Valgerður Sverrisdóttir: It is good that people generally consider themselves to be environmentalists. I consider myself to be an environmentalist. Even if some people think that I am not, like your guest last night, who seems to believe that all I do is travel around the country and point out where we should dam or build aluminium smelters. That’s not how it is. But there is a lot of interest in the environmental issues, we have a very beautiful country that we should not spoil of course.

Kristján Kristjánsson: But which we are spoiling on grand scale?

Valgerður Sverrisdóttir: But we are, to some extent. In order to harness the water power, the effects of that can be seen on nature. Without question. It is always a question of picking and choosing. As for eastern Iceland, for example, I dare people who are against Kárahnjúkar dam and the aluminium smelter to go to the eastern part of Iceland, to witness the energy within the society there. To see what is happening there. It is a new life for people there.

Kristján Kristjánsson: How do you answer what some people have called sentimental arguments*, and I noticed that Independence Party MP Guðlaugur Þór Þórðarson said that it was time to pay more attention to these arguments than we have before. How do you answer when people simply appeal to their love of the country, the untouched nature, that people believe to be our greatest asset?

Valgerður Sverrisdóttir: Like I said before, we have to pick and choose. We are not spoiling nature for the fun of it. If we decide it is right to use hydroelectric power to create jobs, to use this green energy that we have a lot of, then that is also a viewpoint. We are getting attention all over the world for being environmentally friendly. I am talking about how we use reusable energy, we are producing hydrogen, we are binding greenhouse gasses**, we have just been awarded for that in Toronto recently. These viewpoints are all too seldom heard. Keep in mind, if we built an aluminium factory in Iceland that uses green energy, then the amount of greenhouse gasses released is almost ten times more if it is built outside of Iceland and powered by coal***. So if we think globally, which is considered to be a good way to think nowadays, then Iceland is an ideal place to build aluminium smelters****.

Kristján Kristjánsson: Perhaps not for the people who live here?

Valgerður Sverrisdóttir: Why not? I was on a visit today at the aluminium smelter in Straumsvík, I met a lot of people who have worked for 20-30 years. The turnover rate of employees is very good. People are very happy to be working there. It is the same way in Hvalfjörður and it is going to be the same way in Reyðarfjörður. So we should not talk down to these workplaces that are in fact very good workplaces. And we need diversity in our employment market. I think there are all too few people that are thinking about the employment market as whole, including the MPs. We want to live a good life here in Iceland and in order to do that we need strong companies, and the aluminium companies are really strong companies*****.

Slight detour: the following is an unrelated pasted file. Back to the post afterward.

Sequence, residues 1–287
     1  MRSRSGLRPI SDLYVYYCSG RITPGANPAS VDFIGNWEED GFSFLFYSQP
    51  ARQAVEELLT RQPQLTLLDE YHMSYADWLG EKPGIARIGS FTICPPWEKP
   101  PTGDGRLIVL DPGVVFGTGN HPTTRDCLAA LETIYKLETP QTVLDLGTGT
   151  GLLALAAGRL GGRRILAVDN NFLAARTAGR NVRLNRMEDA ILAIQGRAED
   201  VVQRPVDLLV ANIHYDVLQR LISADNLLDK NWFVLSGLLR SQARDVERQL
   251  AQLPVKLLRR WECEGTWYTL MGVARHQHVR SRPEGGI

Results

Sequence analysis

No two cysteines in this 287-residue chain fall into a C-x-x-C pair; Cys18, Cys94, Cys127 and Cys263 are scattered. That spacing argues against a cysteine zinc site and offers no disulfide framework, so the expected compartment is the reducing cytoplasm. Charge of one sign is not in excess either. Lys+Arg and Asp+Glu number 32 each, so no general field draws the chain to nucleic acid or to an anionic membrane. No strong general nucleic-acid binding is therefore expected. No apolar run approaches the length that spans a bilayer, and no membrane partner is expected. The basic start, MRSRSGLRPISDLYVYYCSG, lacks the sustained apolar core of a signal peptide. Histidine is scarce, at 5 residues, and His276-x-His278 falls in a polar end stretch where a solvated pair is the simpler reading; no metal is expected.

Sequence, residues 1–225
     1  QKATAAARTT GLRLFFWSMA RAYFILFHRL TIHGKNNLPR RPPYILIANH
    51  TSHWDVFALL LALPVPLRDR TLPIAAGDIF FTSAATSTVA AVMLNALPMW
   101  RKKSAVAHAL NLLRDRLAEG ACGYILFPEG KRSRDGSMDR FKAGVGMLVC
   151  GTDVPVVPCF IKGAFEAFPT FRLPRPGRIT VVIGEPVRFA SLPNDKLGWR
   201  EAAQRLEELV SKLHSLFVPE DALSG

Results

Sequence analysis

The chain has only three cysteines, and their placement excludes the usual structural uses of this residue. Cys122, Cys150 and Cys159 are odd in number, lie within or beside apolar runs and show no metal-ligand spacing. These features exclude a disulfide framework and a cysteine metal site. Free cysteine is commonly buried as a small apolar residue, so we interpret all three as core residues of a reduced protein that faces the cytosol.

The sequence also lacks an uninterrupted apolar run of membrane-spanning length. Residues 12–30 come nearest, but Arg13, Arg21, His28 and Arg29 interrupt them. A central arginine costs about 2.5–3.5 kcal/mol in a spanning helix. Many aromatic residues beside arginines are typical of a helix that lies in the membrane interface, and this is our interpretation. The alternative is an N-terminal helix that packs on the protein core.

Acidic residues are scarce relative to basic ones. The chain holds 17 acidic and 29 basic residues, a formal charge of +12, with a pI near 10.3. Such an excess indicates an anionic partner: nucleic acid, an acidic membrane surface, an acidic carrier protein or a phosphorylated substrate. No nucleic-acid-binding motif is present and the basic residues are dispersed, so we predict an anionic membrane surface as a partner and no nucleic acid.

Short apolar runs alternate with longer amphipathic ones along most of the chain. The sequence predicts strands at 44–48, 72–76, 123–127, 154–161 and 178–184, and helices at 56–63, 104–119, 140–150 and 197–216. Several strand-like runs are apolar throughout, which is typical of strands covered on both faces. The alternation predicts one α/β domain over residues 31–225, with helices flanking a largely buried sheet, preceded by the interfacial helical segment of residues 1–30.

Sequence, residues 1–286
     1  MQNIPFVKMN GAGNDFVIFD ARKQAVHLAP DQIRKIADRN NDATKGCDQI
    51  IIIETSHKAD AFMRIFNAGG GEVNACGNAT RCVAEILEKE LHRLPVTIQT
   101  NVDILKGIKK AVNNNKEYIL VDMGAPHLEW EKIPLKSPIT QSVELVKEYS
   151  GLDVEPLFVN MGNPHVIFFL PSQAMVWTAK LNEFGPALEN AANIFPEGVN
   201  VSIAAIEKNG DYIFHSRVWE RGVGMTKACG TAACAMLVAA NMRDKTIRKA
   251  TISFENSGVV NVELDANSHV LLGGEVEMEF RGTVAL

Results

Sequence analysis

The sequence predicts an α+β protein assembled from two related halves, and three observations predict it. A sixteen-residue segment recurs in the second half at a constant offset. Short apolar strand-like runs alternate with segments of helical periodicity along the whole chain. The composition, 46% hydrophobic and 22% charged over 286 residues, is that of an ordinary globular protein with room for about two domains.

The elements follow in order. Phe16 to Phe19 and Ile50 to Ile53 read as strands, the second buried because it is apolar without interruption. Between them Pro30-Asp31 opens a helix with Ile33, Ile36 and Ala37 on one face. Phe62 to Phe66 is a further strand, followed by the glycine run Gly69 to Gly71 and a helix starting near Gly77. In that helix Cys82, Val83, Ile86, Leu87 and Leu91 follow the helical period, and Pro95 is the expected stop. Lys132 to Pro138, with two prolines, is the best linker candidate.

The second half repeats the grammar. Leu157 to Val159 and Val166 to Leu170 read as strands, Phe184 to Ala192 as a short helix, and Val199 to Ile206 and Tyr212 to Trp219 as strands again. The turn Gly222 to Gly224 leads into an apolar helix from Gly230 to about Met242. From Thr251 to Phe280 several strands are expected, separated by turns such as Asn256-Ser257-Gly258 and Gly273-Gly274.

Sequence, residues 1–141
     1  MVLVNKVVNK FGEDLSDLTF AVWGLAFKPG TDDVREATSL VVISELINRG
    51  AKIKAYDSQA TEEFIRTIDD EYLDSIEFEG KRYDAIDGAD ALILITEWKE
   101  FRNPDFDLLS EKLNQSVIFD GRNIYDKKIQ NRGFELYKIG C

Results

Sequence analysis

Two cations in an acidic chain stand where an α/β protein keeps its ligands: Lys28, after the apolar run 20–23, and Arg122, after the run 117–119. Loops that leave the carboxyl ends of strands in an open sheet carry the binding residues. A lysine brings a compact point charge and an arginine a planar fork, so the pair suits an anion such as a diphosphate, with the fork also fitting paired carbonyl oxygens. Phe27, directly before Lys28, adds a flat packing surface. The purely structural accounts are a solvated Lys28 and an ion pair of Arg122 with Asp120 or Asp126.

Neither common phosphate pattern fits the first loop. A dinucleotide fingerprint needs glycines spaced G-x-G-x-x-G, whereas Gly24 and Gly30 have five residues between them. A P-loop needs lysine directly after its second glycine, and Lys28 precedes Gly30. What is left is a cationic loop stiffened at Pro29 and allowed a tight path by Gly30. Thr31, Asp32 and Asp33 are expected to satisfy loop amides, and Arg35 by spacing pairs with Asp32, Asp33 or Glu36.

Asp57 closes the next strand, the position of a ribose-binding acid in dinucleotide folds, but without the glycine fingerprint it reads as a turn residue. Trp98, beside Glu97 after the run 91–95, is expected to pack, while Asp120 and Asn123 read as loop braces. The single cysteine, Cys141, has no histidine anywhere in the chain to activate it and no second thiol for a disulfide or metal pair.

While Damon Albarn did not intentionally mislead or misstate facts, there are four clear cases, all unchallenged by the interviewer, in which Valgerður Sverrisdóttir misstated facts.

* Kristján employs the celebrated Fox News method, using “some people” instead of citing a source when introducing a biased description. We have always argued that the Kárahnjúkar dam project is an environmental and economic disaster for Iceland — we have never stated that it is a “sentimental” one.

**Iceland, at present, releases minimal greenhouse gasses. This will change as the economy turns to heavy industry — by definition, smelting aluminium produces greenhouse gasses. Specifically, aluminium smelting produces large amounts of carbon dioxide and the PFC CF4. According to the International Aluminium Institute, “On average the smelting process itself is responsible per tonne of aluminium for the production of 1.7 tonnes of CO2 (from the consumption of the carbon anodes) and the equivalent of an additional 2 tonnes of CO2 from PFC emissions. PFCs are potent global warming gases as compared to carbon dioxide and have long atmospheric lifetimes. For example one kg of PFC (CF4) is equivalent to 6500 kg of CO2.” (For more information, view the Aluminium and Climate Change Report from the International Aluminium Institute at www.world-aluminium.com.)

***This assumption depends on two misleading concepts: 1) that only in Iceland will aluminium smelters be powered by hydro-electric power, and that everywhere else in the world only uses coal. The International Aluminium Institute argues that the assumption that this is “an erroneous assumption” and that “the current overall proportion of 55% energy sourced from hydroelectric power” will continue into the distant future. Only 30% of aluminium smelters use coal.

****This does not consider that the destruction of virgin land and fragile habitat should not be considered in a discussion of what is “green.” If untouched and vulnerable ecosystems are to be considered “ideal” places for aluminium smelters, one might suggest the Amazon River as the next logical step. In suggesting Iceland as ideal, Ms. Sverrisdóttir does not consider the transport of the aluminium: aluminium is not mined on this volcanic island, nor are there any facilities that demand its use in production. As Iceland has no aluminium ore, and as it has no use for aluminium—there is not even a cannery in the country. Iceland also has some of the highest costs of labour in the world. The only thing that seems to make Iceland ideal is its lax attitude toward the environment and toward work regulations—Iceland is not a member of the EU.

***** Alcoa’s earnings for this quarter “broadly missed Wall Street projections” according to a 10 January report. The stocks took a tumble, losing 5.5 percent, as, though the company was profitable, it did not do as well as it could. Alcoa does, however, have 129,000 employees and it operates in 42 countries, which means that Alcoa would beat most Icelandic companies in a tug of war, qualifying, therefore as a “strong company”, even if the stocks aren’t doing well.